Your FIFA Women’s World Cup France 2019 Briefing

by Samuel Abasi Posted on December 8th, 2018

Paris, France : The Draw for the FIFA Women’s World Cup France 2019 took place at La Seine Musicale in Paris this evening. Hosts France will take on Korea Republic in the competition’s opening match at the Parc des Princes on 7 June 2019 at 21:00 (local time). Norway and Nigeria were also drawn in Group A.

A total of 52 matches will be played to determine the winner of the 2019 FIFA Women’s World Cup in France with the final to be played on 7 July 2019.

Group A: France face test of fire

France (Women)  Korea Republic (Women) Nigeria (Women) Norway (Women) Group A

Nigeria will face France for the third time and do not have happy memories of the fixture. The Super Falcons pushed Les Bleues hard at Germany 2011 but went down 1-0, while they slumped to an 8-0 defeat in a 2016 friendly.

Korea Republic had one of the best defensive records in the entire France 2019 qualifying competition. The Taeguk Warriors conceded just one goal in their eight matches, while scoring 30. Can the French, Norwegian and Nigerian strikers trouble the South Korean defence?

Nigeria forward Desire Oparanozie will be on familiar ground in France, having played for Guingamp since 2014. After joining Paris Saint-Germain earlier in 2018, Norway’s Andrine Hegerberg is also no stranger to France.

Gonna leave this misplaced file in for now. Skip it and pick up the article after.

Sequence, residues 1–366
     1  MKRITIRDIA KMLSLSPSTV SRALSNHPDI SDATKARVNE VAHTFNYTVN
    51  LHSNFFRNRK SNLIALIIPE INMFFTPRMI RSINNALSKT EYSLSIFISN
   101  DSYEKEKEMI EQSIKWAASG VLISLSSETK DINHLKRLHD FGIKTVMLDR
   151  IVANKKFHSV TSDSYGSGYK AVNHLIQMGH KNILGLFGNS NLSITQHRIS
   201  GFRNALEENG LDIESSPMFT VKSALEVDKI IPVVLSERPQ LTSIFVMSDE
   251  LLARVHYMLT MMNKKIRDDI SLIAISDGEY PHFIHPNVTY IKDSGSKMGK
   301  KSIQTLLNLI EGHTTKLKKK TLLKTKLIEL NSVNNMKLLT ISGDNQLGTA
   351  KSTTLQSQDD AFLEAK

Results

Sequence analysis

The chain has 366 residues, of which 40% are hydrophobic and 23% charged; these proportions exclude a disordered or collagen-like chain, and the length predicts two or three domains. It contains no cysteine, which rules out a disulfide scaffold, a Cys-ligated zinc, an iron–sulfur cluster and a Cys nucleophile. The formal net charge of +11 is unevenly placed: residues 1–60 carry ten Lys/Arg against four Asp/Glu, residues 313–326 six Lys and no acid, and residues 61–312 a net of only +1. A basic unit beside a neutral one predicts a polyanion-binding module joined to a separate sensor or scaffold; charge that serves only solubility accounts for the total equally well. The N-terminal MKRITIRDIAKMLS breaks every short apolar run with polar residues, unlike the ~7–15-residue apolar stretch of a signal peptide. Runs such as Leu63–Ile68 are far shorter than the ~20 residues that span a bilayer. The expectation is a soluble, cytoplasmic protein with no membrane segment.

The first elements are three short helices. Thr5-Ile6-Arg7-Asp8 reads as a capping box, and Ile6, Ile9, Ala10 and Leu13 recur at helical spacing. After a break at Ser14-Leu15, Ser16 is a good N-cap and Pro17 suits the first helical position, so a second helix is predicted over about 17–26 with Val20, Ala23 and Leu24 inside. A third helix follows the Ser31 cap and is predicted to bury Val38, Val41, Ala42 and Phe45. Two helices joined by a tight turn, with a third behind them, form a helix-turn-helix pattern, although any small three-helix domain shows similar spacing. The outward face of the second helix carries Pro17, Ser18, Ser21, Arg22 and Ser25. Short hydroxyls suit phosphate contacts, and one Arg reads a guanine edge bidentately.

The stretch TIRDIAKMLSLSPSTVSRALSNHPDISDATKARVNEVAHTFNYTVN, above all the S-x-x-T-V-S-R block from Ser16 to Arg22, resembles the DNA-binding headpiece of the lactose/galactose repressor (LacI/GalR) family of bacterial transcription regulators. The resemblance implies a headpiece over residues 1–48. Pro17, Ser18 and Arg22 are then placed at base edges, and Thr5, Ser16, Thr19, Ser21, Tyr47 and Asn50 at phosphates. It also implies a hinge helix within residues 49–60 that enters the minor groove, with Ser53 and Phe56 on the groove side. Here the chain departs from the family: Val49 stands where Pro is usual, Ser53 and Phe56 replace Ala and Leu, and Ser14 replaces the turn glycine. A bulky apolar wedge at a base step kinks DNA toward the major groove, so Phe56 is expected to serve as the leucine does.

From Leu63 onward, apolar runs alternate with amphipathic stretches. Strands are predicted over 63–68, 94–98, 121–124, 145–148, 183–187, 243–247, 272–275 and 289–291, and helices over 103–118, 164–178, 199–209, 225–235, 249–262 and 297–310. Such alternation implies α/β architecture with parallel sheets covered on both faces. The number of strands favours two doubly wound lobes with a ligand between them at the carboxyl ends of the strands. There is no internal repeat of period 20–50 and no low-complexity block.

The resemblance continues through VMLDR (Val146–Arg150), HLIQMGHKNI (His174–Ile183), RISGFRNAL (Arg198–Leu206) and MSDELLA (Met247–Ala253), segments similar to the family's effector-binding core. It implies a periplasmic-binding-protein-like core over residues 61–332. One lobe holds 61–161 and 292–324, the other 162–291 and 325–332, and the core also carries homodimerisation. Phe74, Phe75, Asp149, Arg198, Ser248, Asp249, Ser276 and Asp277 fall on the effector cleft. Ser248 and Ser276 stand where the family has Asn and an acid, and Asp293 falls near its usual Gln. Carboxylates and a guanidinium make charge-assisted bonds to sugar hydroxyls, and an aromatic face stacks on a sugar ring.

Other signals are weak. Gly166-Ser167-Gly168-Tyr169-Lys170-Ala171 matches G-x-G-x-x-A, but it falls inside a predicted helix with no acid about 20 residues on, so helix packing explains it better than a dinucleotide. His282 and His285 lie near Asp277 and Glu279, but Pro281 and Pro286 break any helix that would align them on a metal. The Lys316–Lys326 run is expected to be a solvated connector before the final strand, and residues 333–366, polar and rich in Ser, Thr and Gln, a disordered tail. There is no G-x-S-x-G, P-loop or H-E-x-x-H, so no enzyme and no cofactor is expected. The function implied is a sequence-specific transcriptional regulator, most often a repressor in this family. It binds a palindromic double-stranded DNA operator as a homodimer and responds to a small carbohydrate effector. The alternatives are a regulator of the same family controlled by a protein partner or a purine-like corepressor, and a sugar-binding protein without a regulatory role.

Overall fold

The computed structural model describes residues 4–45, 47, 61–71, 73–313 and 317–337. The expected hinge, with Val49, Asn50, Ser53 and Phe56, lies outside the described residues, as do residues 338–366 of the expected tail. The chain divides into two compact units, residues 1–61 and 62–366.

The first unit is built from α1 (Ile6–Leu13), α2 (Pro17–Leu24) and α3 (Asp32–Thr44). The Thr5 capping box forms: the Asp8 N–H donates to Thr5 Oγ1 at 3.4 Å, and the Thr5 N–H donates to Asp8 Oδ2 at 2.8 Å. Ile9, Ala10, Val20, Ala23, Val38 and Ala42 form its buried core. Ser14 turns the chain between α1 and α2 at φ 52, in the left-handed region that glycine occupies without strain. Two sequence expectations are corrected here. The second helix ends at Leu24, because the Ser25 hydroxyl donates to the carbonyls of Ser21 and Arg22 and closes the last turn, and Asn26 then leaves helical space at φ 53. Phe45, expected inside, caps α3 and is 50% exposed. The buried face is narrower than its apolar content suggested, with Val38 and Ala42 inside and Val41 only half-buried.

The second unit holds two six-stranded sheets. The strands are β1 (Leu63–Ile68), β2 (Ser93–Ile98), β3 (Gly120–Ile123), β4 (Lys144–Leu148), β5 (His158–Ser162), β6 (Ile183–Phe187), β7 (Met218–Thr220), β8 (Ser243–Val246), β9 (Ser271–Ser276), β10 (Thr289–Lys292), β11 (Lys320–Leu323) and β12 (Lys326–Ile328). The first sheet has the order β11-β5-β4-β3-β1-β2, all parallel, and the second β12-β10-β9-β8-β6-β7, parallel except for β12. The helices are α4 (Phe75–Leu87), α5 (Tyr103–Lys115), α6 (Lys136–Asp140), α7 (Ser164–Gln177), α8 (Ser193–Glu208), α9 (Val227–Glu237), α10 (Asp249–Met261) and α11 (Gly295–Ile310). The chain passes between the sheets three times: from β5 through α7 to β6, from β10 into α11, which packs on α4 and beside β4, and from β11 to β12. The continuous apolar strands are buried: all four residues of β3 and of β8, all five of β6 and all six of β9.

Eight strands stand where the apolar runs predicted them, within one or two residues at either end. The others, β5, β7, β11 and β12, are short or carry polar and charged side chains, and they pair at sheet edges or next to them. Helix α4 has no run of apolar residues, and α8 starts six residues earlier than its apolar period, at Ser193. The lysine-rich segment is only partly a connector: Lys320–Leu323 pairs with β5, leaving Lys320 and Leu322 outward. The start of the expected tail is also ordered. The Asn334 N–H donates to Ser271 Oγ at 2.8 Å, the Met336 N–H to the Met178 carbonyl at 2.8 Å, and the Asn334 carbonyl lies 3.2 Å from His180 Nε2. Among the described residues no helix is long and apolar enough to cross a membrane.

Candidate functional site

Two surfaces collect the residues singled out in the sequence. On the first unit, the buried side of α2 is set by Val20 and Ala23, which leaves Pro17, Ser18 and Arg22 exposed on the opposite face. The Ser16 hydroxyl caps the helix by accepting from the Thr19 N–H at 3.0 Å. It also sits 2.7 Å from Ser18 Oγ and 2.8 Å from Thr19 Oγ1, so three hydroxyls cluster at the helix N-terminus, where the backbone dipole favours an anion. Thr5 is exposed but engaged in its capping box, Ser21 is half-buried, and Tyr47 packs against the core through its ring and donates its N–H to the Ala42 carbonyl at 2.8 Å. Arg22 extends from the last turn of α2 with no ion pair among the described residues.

Group A rivals Norway and Nigeria are among the select band of teams never to have missed a single FIFA Women’s World Cup. The Norwegians have played a total of 35 matches in the competition, and the Nigerians 22. In contrast, France have only 14 matches to their name and Korea Republic a mere seven. Will that additional experience prove the difference between the sides?

Group B: Favourites Germany face dark horses

Germany (Women) China PR (Women) Spain (Women) South Africa (Women) Group B

Germany are second behind the USA when it comes to the number of FIFA Women’s World Cups won (two compared to three), games played (39 to 43), games won (26 to 33) and goals scored (111 to 112). Nevertheless, Germany are the only nation ever to have lifted the trophy twice in a row.

South Africa have qualified for the first time, making them the sixth African side to compete at a Women’s World Cup.

China PR have qualified for every Women’s World Cup bar one (2011), hosting the inaugural edition in 1991 and the 2007 finals. Despite this strong record in the women’s game, they have only ever reached the final once – losing out to USA in 1999.